That’s a minor quibble though – in truth this is a film to cherish in our current world of endless worries and fears over environmental collapse, financial hardship, warfare. Here’s a reminder to take time out, listen to the sound of branches moving in the wind, remember that the whole natural world goes on regardless of how buried under stress and worry we are (Lockdown reminded me of that very much, walking in a deserted city and hearing the spring birds calling out so clearly with no traffic to drown them out, and it lifted my spirits). This is like taking a “forest bath”, a cleanser, a reminder of the sheer majesty of our natural world, the simple beauty of a tree, the entire network of life it sustains around and on it. It’s a movie to see on the big screen, and let the visual and sounds immerse you into this tribute to the majesty of our natural world.

This review was originally penned for Live For Films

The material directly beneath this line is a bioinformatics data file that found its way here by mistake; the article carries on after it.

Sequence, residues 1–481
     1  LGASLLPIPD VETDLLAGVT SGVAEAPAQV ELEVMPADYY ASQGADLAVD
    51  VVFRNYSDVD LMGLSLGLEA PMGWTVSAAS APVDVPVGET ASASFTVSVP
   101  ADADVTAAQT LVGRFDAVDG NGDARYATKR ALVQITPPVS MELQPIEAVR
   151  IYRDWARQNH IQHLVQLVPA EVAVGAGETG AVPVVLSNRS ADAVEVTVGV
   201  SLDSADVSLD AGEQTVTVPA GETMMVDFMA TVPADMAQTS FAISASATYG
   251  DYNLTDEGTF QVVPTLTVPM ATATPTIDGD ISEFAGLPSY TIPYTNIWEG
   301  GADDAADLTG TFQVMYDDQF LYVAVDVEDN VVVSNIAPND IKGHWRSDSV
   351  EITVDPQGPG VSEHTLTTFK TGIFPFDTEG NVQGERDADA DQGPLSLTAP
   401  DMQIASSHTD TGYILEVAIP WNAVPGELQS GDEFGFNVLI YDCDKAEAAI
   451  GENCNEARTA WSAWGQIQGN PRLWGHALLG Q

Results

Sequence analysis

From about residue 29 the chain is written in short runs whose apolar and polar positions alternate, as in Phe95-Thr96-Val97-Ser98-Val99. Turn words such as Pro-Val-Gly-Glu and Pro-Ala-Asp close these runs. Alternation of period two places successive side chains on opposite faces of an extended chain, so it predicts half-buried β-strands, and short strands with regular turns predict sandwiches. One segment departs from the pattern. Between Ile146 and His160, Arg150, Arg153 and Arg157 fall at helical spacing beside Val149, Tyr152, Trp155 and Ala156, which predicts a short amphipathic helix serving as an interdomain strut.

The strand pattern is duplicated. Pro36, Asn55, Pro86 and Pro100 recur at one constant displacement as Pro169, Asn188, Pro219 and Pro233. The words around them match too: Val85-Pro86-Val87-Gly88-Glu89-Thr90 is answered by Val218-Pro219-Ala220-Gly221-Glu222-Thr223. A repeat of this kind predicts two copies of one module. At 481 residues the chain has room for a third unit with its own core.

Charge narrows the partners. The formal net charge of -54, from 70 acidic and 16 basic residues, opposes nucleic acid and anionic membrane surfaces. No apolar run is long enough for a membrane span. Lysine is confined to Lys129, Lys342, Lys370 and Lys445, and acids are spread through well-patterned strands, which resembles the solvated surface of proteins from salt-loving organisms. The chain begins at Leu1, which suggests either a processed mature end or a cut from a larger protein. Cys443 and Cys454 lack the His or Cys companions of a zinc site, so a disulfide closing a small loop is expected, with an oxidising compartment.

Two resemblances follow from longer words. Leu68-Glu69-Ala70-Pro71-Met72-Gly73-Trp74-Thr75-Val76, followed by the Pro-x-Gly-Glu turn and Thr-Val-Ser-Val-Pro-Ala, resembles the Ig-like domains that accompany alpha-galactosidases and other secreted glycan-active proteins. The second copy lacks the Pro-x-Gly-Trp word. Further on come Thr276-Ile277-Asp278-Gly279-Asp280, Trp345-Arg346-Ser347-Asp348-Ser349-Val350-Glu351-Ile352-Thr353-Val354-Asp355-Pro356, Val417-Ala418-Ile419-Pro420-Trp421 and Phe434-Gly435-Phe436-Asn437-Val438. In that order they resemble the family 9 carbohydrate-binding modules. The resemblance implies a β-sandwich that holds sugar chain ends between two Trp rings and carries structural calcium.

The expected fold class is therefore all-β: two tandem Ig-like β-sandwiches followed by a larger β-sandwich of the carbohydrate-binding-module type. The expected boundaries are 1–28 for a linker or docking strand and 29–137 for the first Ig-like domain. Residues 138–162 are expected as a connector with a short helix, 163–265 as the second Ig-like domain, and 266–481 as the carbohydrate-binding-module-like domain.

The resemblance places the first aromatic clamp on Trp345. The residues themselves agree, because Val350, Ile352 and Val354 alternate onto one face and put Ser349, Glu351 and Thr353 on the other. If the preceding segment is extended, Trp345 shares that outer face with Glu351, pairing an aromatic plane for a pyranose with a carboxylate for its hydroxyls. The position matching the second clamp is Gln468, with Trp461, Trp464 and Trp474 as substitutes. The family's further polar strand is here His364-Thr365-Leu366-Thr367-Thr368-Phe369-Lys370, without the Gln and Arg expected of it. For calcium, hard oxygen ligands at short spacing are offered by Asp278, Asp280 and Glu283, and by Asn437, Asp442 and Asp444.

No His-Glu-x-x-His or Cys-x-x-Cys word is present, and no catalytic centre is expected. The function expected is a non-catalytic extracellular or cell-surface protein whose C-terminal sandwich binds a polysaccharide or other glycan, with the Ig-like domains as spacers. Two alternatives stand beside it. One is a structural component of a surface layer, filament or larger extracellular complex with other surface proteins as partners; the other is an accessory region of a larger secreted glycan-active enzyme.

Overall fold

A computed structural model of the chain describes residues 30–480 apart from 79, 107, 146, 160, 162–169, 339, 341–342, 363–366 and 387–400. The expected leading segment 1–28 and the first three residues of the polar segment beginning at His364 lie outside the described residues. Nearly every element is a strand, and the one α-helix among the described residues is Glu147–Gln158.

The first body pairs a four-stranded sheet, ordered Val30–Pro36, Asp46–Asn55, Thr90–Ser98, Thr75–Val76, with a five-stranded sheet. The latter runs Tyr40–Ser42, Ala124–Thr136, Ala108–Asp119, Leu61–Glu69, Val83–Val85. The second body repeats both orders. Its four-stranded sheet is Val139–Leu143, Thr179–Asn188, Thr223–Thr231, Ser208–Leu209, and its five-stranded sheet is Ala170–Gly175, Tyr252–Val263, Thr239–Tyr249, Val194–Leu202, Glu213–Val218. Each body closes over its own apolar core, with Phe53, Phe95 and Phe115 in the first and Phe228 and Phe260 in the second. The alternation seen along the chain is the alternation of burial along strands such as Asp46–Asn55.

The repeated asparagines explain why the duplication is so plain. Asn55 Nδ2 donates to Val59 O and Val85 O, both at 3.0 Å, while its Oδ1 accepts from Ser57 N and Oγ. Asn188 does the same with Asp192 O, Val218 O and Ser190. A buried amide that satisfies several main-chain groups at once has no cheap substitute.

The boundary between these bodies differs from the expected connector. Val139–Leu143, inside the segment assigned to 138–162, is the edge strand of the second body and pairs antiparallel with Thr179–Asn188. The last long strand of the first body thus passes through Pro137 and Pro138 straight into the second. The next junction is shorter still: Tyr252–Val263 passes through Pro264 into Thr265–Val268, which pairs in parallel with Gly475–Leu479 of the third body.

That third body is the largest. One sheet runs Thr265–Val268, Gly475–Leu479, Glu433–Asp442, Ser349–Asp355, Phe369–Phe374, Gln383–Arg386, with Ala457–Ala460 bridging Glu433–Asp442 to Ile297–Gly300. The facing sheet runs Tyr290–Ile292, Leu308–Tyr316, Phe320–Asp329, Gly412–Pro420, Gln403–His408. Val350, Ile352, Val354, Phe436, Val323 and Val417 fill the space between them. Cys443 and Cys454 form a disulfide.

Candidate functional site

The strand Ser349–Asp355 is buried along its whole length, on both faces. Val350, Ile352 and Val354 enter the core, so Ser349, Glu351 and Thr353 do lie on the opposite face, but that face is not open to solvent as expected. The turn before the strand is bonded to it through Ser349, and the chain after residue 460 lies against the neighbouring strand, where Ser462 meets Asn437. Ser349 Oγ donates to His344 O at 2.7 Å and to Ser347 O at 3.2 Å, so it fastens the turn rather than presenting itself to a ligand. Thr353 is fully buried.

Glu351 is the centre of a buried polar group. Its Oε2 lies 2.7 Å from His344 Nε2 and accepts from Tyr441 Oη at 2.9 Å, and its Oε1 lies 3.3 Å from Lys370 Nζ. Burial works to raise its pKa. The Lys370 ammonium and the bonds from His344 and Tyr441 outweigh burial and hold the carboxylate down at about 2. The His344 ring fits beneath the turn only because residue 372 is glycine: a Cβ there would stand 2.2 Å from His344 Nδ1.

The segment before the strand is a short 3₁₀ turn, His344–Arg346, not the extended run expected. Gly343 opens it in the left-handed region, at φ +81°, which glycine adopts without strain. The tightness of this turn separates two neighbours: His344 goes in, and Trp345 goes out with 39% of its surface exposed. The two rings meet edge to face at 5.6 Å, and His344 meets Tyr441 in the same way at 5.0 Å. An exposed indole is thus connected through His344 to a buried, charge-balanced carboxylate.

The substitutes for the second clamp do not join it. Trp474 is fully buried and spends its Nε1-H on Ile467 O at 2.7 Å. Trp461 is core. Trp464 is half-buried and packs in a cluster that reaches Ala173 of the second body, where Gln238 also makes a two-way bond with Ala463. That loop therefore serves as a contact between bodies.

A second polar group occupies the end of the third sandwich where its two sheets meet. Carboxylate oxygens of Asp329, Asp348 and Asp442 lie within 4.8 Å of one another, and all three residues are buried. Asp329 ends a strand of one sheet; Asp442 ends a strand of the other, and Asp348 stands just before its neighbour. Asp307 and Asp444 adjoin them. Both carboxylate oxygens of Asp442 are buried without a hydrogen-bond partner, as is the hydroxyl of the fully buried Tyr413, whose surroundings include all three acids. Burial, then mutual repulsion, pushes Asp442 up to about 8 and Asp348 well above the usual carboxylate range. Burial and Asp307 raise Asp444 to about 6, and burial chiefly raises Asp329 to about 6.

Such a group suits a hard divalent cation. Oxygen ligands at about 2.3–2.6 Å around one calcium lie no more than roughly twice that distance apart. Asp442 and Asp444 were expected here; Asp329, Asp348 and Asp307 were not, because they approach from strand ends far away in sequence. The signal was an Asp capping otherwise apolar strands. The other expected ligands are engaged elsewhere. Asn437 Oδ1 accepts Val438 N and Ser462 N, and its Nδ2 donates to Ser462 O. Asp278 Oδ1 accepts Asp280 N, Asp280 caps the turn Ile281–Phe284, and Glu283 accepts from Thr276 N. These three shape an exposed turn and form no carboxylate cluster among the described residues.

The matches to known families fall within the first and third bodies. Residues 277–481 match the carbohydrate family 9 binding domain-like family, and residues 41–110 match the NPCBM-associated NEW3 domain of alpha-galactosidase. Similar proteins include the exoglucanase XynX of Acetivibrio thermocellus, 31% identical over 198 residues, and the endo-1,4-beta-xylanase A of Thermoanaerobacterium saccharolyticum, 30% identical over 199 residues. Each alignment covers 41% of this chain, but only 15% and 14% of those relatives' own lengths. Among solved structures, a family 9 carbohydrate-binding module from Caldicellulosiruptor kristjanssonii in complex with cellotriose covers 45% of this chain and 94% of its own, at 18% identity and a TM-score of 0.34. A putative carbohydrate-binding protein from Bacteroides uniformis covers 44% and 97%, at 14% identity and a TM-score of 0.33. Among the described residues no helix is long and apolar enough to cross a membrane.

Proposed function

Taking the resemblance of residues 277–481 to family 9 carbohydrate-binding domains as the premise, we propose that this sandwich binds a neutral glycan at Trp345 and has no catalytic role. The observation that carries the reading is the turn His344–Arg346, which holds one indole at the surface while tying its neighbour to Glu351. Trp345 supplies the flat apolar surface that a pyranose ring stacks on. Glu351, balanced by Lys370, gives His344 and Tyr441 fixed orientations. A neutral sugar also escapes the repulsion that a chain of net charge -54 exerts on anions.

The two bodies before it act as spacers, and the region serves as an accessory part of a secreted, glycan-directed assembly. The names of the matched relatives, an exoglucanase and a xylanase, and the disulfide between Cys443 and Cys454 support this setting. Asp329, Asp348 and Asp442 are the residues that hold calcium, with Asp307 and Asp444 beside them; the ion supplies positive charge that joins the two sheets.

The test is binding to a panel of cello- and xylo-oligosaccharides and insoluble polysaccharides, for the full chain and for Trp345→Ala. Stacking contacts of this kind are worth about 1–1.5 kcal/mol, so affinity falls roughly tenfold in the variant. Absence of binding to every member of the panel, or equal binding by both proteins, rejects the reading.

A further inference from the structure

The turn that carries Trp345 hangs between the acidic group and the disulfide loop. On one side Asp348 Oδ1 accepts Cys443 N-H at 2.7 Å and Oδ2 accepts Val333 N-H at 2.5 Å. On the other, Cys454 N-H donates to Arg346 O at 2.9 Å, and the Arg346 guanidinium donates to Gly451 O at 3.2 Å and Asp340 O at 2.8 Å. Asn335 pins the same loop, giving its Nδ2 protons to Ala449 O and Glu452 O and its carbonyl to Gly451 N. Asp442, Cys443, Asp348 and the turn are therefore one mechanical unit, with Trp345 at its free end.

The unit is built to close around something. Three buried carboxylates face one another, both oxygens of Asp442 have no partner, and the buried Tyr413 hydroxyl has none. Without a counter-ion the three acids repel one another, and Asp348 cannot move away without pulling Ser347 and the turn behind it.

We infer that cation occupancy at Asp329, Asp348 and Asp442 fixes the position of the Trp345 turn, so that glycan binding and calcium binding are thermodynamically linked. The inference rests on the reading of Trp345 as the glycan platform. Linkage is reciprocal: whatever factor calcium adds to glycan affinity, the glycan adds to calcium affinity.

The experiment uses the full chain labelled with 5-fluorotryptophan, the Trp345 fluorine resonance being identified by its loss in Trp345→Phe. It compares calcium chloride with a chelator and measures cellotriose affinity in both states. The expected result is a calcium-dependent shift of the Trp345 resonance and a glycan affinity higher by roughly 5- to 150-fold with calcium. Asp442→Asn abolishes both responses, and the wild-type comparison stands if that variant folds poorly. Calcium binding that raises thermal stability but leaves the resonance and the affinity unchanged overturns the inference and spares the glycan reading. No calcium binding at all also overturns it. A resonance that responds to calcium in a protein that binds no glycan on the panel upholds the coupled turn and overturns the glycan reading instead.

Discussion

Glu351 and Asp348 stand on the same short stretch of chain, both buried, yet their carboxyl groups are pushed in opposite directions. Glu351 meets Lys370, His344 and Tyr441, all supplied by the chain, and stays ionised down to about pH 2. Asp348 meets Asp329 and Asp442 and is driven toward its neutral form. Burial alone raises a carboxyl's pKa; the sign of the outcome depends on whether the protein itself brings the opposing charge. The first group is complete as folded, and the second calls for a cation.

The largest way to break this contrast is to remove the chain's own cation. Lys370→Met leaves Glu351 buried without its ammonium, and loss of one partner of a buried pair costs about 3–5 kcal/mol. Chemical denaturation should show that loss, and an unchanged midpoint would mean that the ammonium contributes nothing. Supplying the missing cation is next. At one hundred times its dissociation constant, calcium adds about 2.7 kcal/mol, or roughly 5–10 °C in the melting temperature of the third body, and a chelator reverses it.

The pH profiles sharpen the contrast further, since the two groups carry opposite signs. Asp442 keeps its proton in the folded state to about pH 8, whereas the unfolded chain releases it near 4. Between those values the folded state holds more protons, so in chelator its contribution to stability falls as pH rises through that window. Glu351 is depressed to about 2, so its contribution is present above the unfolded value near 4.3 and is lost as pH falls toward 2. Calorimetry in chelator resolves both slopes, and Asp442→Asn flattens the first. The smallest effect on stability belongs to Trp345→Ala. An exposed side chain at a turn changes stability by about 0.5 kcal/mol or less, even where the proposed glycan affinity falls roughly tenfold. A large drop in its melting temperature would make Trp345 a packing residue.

Autumn calls

Despite some sudden bursts of very fine weather, summer is most certainly giving ground to the approach of autumn here now. Even if we get a warm, sunny day, the shadows are longer, and the sun sets earlier each evening, and when it does the temperature drops a lot quicker than it did in the middle of summer, while the early mornings are noticably cooler. But the light, on a sunny day at least, is now moving towards that glorious golden quality, while the leaves are turning on the trees, right now at that beautiful mix of still some leafy green mixed with increasing golds, reds and browns, and every day there are more fallen leaves along the pavements (yes, I have indulged in my first kicking a pile of dry autumn leaves into the air of the year, it has to be done).